Mark Dampier: Japan's economic recovery will be swift

The Analyst

There is no doubt the Japanese earthquake and tsunami was a human tragedy of immense proportions. We can only imagine the anguish caused as families were completely destroyed, survivors left without homes and entire towns wiped out. Given this was Japan's biggest earthquake in living memory it is testament to Japanese building standards that the damage and loss of life wasn't greater, especially in Tokyo. As the economic heartbeat of Japan significant damage there would have had more far-reaching consequences. In Tohoku too, the region most afflicted by tsunami damage, one of the Japanese managers I know pointed out most modern buildings remained intact, though there is clearly much to do in terms of getting the area back on track.

Whilst undoubtedly a great tragedy, I think it is unlikely to be a complete economic disaster. The direct earthquake damage itself is thankfully relatively minor with the vast majority of buildings surviving intact despite the terrifying ground shaking – plus some substantial aftershocks in the subsequent days. Simon Somerville of Jupiter Japan Income was in Tokyo at the time and described to me vividly how buildings swayed in the most frightening way but remained standing. The tsunami damage meanwhile was confined to a largely agricultural area, although one of the biggest facilities for silicon wafers was hit. This may cause problems in the supply chains for mobile devices. Other components or materials in various industries will no doubt be affected somewhere down the line.

A more pressing issue is the problems faced at the Fukushima Daiichi power plant. The focus has rightly been on the potential for a significant radiation leak, the risk of which has now thankfully subsided it seems. What we do know, though, is that these reactors won't be restarted, which leaves eastern Japan with an electricity shortfall. This is not helped by the fact electricity in Japan is supplied at two different frequencies, 50 hertz in eastern Japan and 60 in the west, so power can't simply be switched from one area to another (think of it as having different gauge widths on railway lines). As a result there are rolling blackouts, though fewer than people first feared because the Japanese have stoically turned off just about everything possible in order to save energy. Nonetheless, it all adds up to higher energy costs from imports, particularly given global demand for oil is already tight with the problems in Libya. This could hamper growth and put the brakes on Japan's economic recovery.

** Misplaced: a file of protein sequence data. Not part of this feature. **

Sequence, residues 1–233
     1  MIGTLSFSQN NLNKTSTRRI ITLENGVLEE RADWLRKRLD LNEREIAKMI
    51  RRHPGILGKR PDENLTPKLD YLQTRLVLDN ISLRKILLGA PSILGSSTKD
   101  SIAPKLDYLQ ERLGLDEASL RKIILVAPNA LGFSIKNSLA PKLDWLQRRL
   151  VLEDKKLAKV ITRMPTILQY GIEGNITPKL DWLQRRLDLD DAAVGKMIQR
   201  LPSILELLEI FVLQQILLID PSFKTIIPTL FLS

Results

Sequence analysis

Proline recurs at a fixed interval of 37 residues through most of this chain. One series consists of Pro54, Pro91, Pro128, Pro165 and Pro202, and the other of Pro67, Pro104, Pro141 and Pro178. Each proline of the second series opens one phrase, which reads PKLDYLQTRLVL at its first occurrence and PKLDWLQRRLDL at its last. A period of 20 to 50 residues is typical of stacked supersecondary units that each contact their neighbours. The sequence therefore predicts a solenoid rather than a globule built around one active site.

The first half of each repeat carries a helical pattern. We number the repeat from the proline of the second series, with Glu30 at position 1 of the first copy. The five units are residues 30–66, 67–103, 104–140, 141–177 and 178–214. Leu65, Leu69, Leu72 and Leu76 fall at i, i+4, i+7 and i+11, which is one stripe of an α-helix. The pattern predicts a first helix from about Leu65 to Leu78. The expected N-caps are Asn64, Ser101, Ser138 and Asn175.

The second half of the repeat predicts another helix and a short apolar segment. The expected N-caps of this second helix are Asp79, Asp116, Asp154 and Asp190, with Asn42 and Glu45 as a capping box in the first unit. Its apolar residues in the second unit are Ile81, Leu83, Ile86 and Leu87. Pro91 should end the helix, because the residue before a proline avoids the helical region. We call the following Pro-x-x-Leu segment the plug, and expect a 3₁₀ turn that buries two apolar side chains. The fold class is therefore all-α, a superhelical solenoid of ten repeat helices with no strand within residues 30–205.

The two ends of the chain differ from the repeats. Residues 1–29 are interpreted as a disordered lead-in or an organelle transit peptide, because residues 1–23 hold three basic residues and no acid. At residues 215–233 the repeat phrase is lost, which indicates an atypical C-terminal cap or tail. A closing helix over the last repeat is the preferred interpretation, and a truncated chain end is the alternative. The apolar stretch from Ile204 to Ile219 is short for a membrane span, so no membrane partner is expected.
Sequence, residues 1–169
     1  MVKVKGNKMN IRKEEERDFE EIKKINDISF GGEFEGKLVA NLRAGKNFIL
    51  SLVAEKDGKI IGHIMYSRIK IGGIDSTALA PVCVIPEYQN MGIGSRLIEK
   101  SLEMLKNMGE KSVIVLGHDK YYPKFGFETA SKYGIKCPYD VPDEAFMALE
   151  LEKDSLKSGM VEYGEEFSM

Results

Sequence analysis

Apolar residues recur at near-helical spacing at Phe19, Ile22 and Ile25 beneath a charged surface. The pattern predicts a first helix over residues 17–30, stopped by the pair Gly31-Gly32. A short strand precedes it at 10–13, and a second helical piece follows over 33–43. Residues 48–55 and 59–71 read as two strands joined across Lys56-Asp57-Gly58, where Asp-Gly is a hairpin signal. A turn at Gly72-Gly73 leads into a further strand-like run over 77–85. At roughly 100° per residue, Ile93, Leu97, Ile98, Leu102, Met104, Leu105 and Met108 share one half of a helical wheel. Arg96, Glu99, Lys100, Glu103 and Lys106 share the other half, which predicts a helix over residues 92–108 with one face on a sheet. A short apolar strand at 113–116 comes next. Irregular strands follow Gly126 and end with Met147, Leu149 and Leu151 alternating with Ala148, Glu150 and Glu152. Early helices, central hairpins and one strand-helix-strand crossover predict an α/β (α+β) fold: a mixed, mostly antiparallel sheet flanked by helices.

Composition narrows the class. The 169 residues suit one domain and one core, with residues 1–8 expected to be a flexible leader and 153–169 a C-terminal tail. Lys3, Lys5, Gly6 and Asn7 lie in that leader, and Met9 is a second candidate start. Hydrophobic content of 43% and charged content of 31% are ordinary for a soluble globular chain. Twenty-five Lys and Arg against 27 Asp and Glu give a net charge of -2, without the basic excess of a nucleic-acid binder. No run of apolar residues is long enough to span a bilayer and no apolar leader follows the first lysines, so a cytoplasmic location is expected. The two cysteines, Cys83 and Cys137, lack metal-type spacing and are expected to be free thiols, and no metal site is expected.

However, some economists have argued that in time we will see a sharp recovery in economic activity, though the dismal science of economics does seem a strange one if you can actually be better off if you lose something and have to replace it. The Japanese are astonishingly resourceful, though, and after the Kobe earthquake in 1995 Japan was back at full production within three months. This may take longer, particularly in relation to the nuclear power plant problems, but the fact of the matter is that before the earthquake struck the Japan stock market was good value. After a 20 per cent fall it is cheaper still, though there has already been some recovery. After 20 years of falling stock markets Japan has few friends in the investment world, but when Japanese companies on average trading at their book cost (the net value of their assets), I would suggest there is plenty of value to be had.

Excellent funds for exposure to Japan include GLG Japan CoreAlpha, Invesco Perpetual Japan and Jupiter Japan Income. For those who believe the yen is overvalued and will fall, the GLG fund also has a currency hedged share class and Neptune Japan Opportunities fund is currently fully hedged against a fall in the yen. That said, forecasting currency markets is even harder than stock markets, and the yen has fooled more people for longer than any other investment I can remember.

Mark Dampier is head of research at Hargreaves Lansdown, the asset manager, financial adviser and stockbroker. For more details about the funds included in this column, visit www.h-l.co.uk/independent

Independent Partners; request a free guide on NISAs from Hargreaves Lansdown

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